How Lord Nataraja’s Divine Inspiration Helped Me Embrace Dance and Transform My Entire Life

By Savita Tiwari, Mauritius

Many forms of siva are loved and revered by His devotees. The Sivalingam is perhaps the most celebrated and ancient form; others include Ardhanarishvara, Bhairava, Pashupati and Dakshinamurti. Nataraja—Siva as the cosmic dancer—is naturally the form most worshiped by performing artists.

Nataraja created the universe with His dance. He is like a cloud filled with water waiting to unleash the thunderstorm, or the firm light of a lamp in a place with no air movement. In this form, Siva is the center of the world. Just as an atom dances in its orbit, the universe is dancing in the cosmic orbit of Nataraja. In Nataraja form, Siva is the master of all dance enthusiasts, with the universe as His stage, performing His life-giving dance for the world.

The word Nataraja translates as “the king of acts” or “king of dance.” Devi Sarasvati is the Goddess of creativity, knowledge, music and wisdom. Writers, singers and anyone from the creative fields who follow Hinduism pray to Goddess Sarasvati for blessings and success. But for dancers, especially Indian classical dancers, Nataraja is God. One will find Nataraja’s image in the logo of many dance academies and displayed on classical dance competition posters. His divine statue graces the altar of myriad performers.

After reading about Nataraja in a few books and blogs, I turned to the primary source of knowledge, our scriptures. A shloka in Ashtadhyayi by Sage Panini: “At the end of His cosmic dance, Nataraja, the Lord of Dance, with a view to bless the sages Sanaka and others, played His damaru (drum of creation) 14 times (first nine times and then five times), from which emerged the 14 sutras, popularly known as the Siva Sutras or Maheshvara Sutras.” Based on these 14 sutras, Mahapandit Panini recorded his grammar of Sanskrit—Ashtadhyayi—and thus the mother of all languages was encapsulated.

Every human being can interpret Nataraja according to their level of consciousness. Some say Nataraja represents cosmic dance. Some say He represents destruction and creation. For some, this form is the manifestation of Siva’s shakti. For some it is grammar. For me, however deep I went, Nataraja simply remains king of dance.

The dance of Nataraja is called Ananda Tandava. His pose is described in detail in scriptures such as the Anshumadbhed Agama and Uttarakamika Agama. Four-handed, Nataraja holds a damaru (drum) in one hand and Agni (fire) in the another. A third hand is in abhayamudra, gesturing “fear not, ”and the fourth points towards His raised foot. Damaru is the representation of the akasha tattva—space element. It is nada, the sound of Aum, said to be the beginning of the universe. Agni is the fire element, which represents pure knowledge, as it burns all material things, leaving only the eternal.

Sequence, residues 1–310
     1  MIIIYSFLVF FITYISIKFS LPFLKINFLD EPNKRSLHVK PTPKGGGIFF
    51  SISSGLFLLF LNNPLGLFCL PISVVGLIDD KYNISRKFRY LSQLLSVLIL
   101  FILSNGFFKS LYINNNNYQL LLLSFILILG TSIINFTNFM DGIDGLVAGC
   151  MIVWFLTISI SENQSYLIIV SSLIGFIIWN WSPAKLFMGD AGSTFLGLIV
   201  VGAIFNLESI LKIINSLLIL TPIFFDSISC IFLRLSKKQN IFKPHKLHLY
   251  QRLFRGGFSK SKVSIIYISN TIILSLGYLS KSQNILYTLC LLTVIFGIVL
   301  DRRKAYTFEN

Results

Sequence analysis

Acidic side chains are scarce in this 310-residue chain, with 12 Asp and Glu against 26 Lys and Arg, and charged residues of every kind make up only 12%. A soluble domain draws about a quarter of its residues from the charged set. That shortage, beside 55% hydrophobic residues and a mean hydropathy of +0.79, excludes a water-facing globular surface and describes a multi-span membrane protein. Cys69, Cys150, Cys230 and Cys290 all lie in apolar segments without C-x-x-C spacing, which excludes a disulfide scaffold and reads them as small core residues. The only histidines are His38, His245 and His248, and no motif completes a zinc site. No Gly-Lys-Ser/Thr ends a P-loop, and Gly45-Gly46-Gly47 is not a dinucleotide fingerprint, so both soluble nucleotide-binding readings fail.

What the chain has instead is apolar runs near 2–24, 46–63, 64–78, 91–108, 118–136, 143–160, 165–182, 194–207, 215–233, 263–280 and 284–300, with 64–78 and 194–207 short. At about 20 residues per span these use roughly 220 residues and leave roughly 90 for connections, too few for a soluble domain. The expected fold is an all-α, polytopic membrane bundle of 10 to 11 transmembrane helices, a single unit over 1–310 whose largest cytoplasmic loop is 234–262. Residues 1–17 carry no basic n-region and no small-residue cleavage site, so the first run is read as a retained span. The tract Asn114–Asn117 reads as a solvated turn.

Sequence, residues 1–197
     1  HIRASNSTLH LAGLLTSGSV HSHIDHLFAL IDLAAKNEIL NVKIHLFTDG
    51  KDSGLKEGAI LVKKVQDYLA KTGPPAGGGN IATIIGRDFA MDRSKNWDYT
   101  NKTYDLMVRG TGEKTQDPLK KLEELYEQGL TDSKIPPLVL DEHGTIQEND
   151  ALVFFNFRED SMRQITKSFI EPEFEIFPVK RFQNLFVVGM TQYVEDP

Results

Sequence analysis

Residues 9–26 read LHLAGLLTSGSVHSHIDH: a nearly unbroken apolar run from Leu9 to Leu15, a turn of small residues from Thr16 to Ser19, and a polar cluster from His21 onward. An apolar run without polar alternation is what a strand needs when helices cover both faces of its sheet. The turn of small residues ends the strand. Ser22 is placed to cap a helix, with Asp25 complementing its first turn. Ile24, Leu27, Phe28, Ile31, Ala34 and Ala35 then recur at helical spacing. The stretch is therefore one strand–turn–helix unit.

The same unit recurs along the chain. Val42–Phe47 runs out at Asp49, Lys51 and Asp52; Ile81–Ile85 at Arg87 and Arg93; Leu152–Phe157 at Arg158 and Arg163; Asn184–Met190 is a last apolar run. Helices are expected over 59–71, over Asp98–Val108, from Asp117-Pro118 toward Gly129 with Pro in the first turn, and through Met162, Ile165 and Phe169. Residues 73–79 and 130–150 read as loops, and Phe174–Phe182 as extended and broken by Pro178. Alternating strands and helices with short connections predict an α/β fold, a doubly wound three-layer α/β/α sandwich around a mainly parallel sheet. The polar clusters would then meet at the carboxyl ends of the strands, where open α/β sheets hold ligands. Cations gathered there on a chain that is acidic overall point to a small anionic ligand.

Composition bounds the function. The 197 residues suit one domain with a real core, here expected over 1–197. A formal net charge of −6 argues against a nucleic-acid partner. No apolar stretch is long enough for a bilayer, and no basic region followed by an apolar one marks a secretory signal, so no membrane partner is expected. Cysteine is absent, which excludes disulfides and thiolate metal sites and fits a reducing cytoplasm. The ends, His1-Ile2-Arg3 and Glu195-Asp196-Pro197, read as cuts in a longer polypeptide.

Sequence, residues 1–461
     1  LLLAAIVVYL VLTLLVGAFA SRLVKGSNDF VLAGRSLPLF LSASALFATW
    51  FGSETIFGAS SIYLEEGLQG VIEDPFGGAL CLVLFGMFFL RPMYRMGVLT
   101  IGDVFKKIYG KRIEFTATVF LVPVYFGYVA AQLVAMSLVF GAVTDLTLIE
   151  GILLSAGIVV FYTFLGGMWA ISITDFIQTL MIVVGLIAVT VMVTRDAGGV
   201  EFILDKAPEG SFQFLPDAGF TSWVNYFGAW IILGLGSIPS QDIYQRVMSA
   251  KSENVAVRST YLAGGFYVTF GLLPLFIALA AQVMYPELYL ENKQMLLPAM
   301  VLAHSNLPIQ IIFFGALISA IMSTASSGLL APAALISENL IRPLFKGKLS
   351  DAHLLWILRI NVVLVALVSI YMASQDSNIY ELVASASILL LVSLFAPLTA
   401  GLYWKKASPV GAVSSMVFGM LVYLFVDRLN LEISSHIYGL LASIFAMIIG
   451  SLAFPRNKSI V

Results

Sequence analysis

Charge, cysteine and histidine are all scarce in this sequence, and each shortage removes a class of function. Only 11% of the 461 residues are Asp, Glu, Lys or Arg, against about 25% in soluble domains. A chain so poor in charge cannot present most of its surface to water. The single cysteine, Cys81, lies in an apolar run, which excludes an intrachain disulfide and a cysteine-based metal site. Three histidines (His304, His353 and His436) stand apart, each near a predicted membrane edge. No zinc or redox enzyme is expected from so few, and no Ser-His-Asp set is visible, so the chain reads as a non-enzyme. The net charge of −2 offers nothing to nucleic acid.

Personally, I relate every element of Nataraja’s symbolism to dance. Damaru is music, and fire is the energy needed for dance. Abhayamudra is a blessing to the performer, and the hand pointing downward is prithivi tattva, which is needed for balance. The circle of fire around Nataraja is the border of the dance platform. The small person named Apasmara beneath the Lord’s feet is the ego of the dancer. The raised leg stands for leaping confidently towards perfection.

I decided to learn dance to understand Nataraja more fully. It wasn’t an easy decision for a full-time writer and mother of two young kids with a busy priest husband. But I was inwardly drawn to dance, revering it like so many who follow the Hindu path. It is common to see statues of our Gods in dance poses, such Ganesha, Siva, Radha-Krishna and Durga. Our Gods dance, and so can we. Until now, dancing was limited to clapping for others. Now, I would move beyond clapping and join the performance.

There were nine classical dance forms from which to choose. I chose Kathak dance because of easy access to an online guru, and because, as a writer, I like to tell stories, and Kathak originated from Katha, storytelling. Once I started learning, it became clear I was on a path of spiritual growth and not merely learning a classical dance form. Each time I danced, I felt connected to the unknown. To say that Kathak elevated me to a new level would be cliche, but those words are true to my core.

My first lesson was to hold strong the position called utpatti, meaning “origin,” the stance from which all movements begin and end. For some, utpatti can be home, for some it can be a person who feels like home. For me, utpatti is the strong hold of Mother Earth—Bhoomi Devi assuring me to dance without fear of falling, as She will always be there to catch me.

In Kathak, the utpatti position is also called sam, which means “even.” This reminds me of India’s most important Nataraja temple, Chidambaram Thillai Nataraja-Koothan Kovil, which is situated directly on the magnetic equator, making it appear free of any magnetic force from north or south. Similarly, in utpatti, is a place where we can balance ourselves, just like Nataraja.